Album review: Damon Albarn's 'Dr Dee'
Damon Albarn seems about as busy as a pop star can be. In March the frontman of both Blur and Gorillaz released “Rocket Juice & the Moon,” a trippy Afro-funk disc he made with drummer Tony Allen and Flea of the Red Hot Chili Peppers; next month we’ll see the fruit of his recent collaboration with the great soul singer Bobby Womack. And this summer Blur is scheduled to play a massive concert at London’s Hyde Park to end the Olympic Games.
Given that schedule, you might expect frenzy from “Dr Dee,” the first album issued under Albarn’s name since 2003. Instead, the record opens with the sound of birds and rushing water and grows only more contemplative from there. A studio companion to a so-called “English opera” that premiered last year in Manchester, “Dr Dee” explores the life and work of the Elizabethan polymath John Dee; it features Albarn on vocals along with contributions by Allen, guitarist Simon Tong (formerly of the Verve) and members of the BBC Philharmonic, among others.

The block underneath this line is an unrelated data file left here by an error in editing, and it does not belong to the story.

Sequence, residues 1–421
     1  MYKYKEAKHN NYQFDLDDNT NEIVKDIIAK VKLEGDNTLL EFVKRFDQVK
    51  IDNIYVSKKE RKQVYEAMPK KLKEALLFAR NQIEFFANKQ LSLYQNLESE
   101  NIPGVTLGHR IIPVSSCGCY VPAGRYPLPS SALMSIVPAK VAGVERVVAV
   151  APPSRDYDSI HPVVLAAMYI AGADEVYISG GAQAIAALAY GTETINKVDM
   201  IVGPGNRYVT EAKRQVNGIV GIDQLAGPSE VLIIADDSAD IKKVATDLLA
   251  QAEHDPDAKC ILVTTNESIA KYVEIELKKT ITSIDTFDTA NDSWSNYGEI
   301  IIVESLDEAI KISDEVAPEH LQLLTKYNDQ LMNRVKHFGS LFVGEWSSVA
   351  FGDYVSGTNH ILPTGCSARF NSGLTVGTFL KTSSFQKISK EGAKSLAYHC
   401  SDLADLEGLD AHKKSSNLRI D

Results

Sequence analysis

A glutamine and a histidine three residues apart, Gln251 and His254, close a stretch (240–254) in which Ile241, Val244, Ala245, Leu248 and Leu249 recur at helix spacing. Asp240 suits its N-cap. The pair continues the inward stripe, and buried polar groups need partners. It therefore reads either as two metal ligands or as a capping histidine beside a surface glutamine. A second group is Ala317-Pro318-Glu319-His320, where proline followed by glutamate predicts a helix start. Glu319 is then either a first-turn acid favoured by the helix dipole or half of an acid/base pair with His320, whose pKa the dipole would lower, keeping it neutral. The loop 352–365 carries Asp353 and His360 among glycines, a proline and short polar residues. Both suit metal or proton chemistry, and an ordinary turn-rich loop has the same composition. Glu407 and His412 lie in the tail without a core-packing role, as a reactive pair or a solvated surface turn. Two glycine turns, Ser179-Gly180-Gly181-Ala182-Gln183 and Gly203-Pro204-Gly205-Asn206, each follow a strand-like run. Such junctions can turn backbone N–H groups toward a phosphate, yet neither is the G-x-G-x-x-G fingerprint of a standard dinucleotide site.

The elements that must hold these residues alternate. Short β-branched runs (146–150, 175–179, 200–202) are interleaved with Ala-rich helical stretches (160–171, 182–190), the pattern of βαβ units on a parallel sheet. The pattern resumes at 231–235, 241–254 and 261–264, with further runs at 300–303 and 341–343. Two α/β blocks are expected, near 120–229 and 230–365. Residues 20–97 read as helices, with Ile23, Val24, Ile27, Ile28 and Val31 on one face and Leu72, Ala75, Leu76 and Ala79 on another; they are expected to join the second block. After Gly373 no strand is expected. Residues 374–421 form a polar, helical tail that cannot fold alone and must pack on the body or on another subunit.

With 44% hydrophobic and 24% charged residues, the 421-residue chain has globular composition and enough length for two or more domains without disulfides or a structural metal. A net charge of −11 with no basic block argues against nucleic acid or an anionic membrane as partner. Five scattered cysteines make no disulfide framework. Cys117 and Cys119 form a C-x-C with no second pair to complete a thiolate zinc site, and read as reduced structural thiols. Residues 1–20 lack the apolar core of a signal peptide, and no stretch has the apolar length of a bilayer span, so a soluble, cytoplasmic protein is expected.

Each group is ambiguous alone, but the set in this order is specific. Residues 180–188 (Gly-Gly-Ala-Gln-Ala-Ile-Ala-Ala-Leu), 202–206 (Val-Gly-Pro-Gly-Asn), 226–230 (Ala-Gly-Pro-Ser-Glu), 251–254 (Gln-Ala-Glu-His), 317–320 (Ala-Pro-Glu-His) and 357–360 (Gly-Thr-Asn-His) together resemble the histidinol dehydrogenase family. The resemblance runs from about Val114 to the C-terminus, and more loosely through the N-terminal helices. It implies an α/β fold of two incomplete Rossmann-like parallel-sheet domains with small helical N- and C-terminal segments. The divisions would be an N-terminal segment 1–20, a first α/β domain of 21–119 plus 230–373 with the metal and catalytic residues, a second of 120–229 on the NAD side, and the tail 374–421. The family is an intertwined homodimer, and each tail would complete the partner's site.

As music divorced from image, “Dr Dee” glitters intermittently. “Apple Carts” is as lovely (and bummed-out) a ballad as Blur’s “No Distance Left to Run,” while “Coronation” contains some gorgeously spooky choral singing. But extracting a narrative from these delicate sounds can feel like more trouble than they’re worth — even if you haven’t half as much happening as Albarn does.
Two stars (Out of four)
— Mikael Wood